Welcome to Car Culture


Culture: the customs, arts, social institutions, and achievements of a particular nation, people, or other social groups.

There are car people and there are those who own cars. Us car people, well, we’re an odd bunch. Many of us have devoted our lives to a seemingly innocuous form of transportation, spending our free time and professional time driving, working on, and enjoying the world of car culture. Spend a morning at a Cars & Coffee event in your hometown or better yet, head out to one of your local tracks and you’ll see throngs of men and women who are seemingly entranced by car culture. 

So, what does car culture mean anyways and where did it come from? Let’s discuss.

Seeing and Being Seen

First off, let’s lay down a car-centric definition of culture: Car culture is an interest in all brands and aspects of cardom, or it can be more directly related to a very specific type or style of automobile. 

To really trace the origins of car culture, you need to roll all the way back to the post-depression Golden Age of Hollywood. Remember, cars were not made affordable until some guy named Henry Ford perfected the art of mass-production on an assembly line in the 1910s. Although there had been automobile racing for as long as the car’s been around, normal people would not begin modifying their own cars for performance gains until well into the 1940s. Prohibition would see the invention of the highly modified “stock” car for outrunning the coppers, eventually turning into NASCAR but there was one group, however, that was modifying their cars in a mainstream way: Hollywood elites. 

While most of America was languishing in the great depression, Hollywood was enjoying its great Golden Age. Why? People needed some escapism from the bleakness of the world around them, and going to a movie house to watch people like Clark Gable and Rita Hayworth light up the screen gave them just the boost they needed. It was this group of actors and actresses and their highly modified luxury performance cars that would form the impetus of car culture.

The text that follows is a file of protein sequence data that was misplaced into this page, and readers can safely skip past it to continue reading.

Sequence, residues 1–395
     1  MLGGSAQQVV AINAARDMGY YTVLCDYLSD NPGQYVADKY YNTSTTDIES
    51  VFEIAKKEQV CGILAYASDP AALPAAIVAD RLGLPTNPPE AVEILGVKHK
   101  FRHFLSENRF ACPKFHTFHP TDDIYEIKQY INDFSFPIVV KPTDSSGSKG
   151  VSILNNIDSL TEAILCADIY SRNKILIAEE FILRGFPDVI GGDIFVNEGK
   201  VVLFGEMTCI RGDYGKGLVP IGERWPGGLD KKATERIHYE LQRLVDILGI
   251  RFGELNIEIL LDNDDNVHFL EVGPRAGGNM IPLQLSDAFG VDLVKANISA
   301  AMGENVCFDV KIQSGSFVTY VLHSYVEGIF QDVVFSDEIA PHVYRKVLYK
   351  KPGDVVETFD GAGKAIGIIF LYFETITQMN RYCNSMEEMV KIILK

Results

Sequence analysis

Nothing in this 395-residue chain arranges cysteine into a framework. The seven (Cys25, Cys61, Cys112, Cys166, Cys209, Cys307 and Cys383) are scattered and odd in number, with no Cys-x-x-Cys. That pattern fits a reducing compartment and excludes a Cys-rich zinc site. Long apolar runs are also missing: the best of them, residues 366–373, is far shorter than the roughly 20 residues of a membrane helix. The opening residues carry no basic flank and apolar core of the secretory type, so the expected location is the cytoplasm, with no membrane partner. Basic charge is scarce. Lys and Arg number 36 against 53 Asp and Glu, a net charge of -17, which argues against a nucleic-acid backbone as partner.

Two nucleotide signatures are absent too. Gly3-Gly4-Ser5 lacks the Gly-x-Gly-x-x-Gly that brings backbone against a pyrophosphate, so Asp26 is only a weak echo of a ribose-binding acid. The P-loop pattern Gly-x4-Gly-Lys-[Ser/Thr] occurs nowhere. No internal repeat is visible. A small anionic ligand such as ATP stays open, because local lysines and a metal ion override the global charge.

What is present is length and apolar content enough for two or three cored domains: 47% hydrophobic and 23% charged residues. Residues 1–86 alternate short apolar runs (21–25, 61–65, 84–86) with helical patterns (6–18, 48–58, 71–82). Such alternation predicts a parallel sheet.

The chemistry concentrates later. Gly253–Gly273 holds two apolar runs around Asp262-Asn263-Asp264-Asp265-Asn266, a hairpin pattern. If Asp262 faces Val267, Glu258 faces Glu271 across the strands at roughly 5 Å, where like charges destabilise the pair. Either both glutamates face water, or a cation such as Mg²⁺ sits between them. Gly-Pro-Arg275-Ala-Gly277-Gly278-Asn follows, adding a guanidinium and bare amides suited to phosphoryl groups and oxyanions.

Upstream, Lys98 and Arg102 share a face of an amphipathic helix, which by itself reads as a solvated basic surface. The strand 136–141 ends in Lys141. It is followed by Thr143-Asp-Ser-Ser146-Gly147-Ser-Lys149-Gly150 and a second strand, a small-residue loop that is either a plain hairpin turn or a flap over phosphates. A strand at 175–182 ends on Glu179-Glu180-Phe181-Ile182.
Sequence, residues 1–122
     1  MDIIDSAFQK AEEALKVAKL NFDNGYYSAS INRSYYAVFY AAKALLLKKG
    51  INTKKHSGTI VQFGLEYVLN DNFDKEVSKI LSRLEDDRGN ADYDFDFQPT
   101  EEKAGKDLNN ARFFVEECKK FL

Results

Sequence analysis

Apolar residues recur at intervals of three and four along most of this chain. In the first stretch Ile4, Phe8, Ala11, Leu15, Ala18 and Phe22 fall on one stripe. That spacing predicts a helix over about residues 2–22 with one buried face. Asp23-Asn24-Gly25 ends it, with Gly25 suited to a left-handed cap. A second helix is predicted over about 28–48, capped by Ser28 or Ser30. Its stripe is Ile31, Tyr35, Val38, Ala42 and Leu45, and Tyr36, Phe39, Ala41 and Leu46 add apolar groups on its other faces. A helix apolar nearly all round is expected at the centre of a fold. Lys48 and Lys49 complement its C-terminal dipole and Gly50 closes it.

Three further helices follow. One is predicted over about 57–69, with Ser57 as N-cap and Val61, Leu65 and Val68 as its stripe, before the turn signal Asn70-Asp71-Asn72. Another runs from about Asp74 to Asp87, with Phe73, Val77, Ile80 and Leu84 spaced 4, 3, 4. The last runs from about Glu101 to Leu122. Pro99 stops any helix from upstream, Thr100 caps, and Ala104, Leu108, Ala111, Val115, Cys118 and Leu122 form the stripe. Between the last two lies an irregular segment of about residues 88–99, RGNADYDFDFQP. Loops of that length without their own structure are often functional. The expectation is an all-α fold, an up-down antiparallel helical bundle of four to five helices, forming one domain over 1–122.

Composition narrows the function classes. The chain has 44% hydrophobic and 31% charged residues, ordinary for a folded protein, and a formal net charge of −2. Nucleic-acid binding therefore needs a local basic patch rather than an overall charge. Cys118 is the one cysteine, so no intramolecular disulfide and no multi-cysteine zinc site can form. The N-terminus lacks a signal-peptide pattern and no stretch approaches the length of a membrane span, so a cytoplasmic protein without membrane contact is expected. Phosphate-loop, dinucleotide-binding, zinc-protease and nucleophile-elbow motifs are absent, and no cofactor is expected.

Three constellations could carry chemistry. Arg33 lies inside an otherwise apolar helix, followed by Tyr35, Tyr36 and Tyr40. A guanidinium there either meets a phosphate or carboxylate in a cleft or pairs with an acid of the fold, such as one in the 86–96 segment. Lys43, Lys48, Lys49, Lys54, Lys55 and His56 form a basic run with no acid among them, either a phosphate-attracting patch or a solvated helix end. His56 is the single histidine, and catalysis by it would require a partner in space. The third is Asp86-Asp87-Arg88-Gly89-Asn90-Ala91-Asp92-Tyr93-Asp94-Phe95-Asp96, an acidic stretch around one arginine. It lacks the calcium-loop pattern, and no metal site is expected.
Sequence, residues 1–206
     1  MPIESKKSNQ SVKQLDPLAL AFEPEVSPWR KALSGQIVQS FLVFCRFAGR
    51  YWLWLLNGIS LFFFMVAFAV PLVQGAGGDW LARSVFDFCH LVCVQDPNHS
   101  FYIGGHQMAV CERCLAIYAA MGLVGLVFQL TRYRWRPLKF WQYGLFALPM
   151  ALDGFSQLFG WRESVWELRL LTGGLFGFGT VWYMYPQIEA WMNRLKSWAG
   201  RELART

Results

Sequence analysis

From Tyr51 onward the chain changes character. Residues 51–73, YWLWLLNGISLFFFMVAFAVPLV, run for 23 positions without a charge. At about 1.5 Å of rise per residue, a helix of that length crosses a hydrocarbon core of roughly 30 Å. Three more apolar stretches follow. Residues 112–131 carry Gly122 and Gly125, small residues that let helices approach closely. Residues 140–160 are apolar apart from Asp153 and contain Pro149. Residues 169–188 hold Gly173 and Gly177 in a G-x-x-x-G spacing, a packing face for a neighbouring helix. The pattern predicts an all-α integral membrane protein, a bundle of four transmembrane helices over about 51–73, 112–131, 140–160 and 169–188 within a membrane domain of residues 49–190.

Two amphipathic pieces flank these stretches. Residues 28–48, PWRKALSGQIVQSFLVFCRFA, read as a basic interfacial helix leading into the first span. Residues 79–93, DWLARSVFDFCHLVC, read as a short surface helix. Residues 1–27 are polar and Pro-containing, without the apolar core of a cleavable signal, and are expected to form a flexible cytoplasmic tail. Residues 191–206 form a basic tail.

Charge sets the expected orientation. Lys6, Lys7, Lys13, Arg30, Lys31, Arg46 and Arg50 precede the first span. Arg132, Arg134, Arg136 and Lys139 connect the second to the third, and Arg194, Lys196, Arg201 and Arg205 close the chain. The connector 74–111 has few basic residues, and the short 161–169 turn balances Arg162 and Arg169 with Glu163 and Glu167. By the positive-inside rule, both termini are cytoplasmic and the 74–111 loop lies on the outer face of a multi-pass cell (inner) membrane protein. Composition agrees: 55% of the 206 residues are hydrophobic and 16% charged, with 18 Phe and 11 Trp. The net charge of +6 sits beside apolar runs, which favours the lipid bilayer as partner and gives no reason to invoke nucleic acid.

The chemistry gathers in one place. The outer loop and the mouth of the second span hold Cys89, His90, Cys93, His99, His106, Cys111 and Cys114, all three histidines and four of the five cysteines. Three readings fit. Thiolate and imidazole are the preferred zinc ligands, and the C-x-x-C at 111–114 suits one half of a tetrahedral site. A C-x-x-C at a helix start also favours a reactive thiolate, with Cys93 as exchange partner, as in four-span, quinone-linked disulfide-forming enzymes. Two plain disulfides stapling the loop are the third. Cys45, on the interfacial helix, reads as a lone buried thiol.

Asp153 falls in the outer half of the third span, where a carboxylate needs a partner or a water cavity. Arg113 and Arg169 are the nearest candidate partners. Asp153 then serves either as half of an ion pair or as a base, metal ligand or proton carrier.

A photo of a 1935 Duesenberg JN car.
Photo Credits: jerrygarrett

Take Clark Gable for example. Gable had this stunning 1935 Duesenberg JN custom built by coachbuilders Bohman & Schwartz for his specific needs. In addition to a unique cloth top, Bohman & Schwartz would also modify this Dues’ to include a more powerfully tuned engine, chrome pipes on the exhaust and a set of whitewall Vogue Tyres. The interior and exterior, a stunning creme color, were also custom-built for Gable. Newspapers of the time would snap photos of Gable and his then-girlfriend Carol Lombard all over Los Angeles in this exact vehicle. Pumping gas, changing the oil, you name it.

Keep in mind, at a time when you could buy a ford for a few hundred dollars, this Dues’ was valued around $35,000! Modifying vehicles wasn’t just done by Gable, in fact, it started a sort of modification war within the circle of Hollywood elites. One would outdo the other with more power, more stunning looks, or unique designs. Suddenly, Hollywood elites were Duesenberg fans, Cadillac fans, or Mercedes-Benz fans and they were starting to separate into their own groups and you guessed it, cultures. The world noticed, and they wanted in. 

After World War II, the entire country was simply crazy for car culture. Rat rods, muscle cars, and everything in between would see a huge rise in prominence throughout the 1960s until one more key event changed car culture in America forever: importing and the fuel crisis of 1973.